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The Vanderbilt Hustler

The official student newspaper of Vanderbilt University.
Since 1888
The official student newspaper of Vanderbilt University

The Vanderbilt Hustler

The official student newspaper of Vanderbilt University.
The official student newspaper of Vanderbilt University

The Vanderbilt Hustler

The official student newspaper of Vanderbilt University.

Office of LGBTQI Life co-organizes 2022 Nashville Transgender Day of Remembrance and Resilience vigil

The event featured speakers from the Nashville LGBTQ+ advocacy community and a reading of the names of individuals who have lost their lives to anti-trans violence this year.
The+K.C.+Potter+Center%2C+which+contains+the+Office+of+LGBTQI+Life%2C+as+photographed+on+Oct.+29%2C+2020.+%28Hustler+Multimedia%2FMattigan+Kelly%29
Mattigan Kelly
The K.C. Potter Center, which contains the Office of LGBTQI Life, as photographed on Oct. 29, 2020. (Hustler Multimedia/Mattigan Kelly)

Editor’s note: This piece contains mentions of suicide.

In partnership with Inclusion Tennessee and the Human Rights Campaign, Vanderbilt’s Office of LGBTQI Life organized this year’s Nashville Transgender Day of Remembrance and Resilience on Nov. 16. Hosted at The Cordelle, the event was held to recognize lives lost to anti-trans violence and celebrate the “resiliency and beauty” of the trans community. The location was selected by Vanderbilt as a “safe, neutral” space.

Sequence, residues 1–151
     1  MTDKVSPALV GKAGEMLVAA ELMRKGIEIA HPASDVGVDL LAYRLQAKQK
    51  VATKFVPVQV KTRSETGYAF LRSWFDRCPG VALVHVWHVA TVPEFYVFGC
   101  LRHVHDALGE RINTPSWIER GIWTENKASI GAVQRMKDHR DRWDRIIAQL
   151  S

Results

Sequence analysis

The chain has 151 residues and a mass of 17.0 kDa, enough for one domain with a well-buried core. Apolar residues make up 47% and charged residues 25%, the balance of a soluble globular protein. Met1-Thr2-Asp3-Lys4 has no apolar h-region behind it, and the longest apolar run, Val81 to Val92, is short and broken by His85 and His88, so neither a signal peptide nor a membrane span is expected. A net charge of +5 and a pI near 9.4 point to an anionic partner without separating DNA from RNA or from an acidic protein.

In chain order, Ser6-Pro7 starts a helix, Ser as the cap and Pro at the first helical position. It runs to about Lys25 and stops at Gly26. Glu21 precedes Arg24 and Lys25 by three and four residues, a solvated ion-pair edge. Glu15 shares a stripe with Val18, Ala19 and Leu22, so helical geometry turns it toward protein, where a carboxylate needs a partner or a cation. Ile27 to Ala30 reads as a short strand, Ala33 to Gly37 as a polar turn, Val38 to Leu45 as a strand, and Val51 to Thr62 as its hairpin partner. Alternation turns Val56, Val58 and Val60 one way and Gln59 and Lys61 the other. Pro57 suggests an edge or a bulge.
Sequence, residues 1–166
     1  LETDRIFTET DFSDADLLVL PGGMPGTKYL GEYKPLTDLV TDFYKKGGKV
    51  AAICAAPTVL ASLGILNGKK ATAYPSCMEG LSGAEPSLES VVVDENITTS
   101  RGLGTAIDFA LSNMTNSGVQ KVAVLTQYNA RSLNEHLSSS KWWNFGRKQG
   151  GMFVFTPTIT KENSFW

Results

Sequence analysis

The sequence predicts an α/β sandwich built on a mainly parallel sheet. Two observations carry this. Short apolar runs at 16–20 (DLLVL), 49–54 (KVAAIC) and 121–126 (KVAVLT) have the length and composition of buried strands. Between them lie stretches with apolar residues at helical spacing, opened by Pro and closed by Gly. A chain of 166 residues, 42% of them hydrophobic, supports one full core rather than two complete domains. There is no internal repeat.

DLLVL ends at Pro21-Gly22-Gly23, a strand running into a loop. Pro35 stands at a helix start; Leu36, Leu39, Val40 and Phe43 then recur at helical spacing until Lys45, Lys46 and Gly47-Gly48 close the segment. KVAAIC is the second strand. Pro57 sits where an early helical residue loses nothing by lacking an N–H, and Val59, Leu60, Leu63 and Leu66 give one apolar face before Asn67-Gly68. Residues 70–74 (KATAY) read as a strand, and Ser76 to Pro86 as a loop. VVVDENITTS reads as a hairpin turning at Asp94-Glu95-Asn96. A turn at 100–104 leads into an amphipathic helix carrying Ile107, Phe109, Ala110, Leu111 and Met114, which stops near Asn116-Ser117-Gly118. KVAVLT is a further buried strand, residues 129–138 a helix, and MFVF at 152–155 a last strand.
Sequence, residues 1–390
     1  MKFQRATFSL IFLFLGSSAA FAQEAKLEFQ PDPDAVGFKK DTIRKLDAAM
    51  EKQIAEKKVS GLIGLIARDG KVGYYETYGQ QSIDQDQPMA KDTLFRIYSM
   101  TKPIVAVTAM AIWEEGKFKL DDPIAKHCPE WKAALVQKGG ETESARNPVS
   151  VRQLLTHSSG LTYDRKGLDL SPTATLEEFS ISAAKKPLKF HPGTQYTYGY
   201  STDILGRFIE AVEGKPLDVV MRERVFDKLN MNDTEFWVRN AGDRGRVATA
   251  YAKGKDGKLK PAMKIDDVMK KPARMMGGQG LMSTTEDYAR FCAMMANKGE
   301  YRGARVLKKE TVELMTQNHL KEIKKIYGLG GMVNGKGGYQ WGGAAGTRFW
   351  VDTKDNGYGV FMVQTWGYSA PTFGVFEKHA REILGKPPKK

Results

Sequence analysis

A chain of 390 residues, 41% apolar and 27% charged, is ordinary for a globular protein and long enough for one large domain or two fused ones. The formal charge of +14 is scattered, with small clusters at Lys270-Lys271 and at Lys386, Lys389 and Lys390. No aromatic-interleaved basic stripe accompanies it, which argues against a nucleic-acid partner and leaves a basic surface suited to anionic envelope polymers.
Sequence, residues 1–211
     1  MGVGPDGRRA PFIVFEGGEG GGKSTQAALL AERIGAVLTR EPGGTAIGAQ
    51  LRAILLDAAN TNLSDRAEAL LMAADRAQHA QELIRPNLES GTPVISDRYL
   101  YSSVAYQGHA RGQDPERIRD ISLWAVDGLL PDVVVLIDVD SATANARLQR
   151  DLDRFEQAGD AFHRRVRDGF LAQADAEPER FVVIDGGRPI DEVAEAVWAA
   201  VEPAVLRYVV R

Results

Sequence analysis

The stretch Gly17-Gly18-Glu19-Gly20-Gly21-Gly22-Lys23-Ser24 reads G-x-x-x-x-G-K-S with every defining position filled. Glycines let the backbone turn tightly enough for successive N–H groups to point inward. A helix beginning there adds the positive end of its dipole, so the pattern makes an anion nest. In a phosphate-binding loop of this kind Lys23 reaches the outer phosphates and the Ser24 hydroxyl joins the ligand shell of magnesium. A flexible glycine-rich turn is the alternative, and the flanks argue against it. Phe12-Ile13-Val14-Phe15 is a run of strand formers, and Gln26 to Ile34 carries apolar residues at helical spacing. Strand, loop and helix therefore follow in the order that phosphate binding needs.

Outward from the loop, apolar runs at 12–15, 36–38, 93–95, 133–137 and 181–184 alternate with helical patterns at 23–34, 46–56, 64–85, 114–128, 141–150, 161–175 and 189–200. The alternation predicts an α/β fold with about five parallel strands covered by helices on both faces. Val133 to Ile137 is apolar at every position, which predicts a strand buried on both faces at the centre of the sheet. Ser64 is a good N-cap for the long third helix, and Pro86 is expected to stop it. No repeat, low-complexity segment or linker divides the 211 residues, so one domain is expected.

The event featured a candlelight vigil, a reading of the names of individuals who lost their lives to anti-trans violence in the past year and speeches from members of Nashville’s LGBTQ+ and activist communities. This year’s celebration comes amid attacks on VUMC’s transgender healthcare clinic and anti-trans rallies

The event opened with remarks from Dr. Stephanie Mahnke, director of the Office of LGBTQI Life, who informed the audience about available mental health resources. She then introduced the first speaker of the night, Olivia Hill, a retired transgender Vanderbilt employee who sued the university in 2021 on the basis of sex, gender identity and disability discrimination in the workplace. Hill began her address by thanking the university for listening to the concerns of the trans community and providing a safe, neutral space for the vigil. She reflected on the significance of Transgender Day of Remembrance.

“Think in your mind of what your greatest wish is. And think for a second, how you might feel if you woke up tomorrow morning and that wish came true. That’s what it’s like for me every morning as I wake up as my authentic self,” Hill said. “But imagine if someone stepped in and took your dream away. That’s why we’re here tonight—to celebrate the people that just stood up to be their authentic selves.”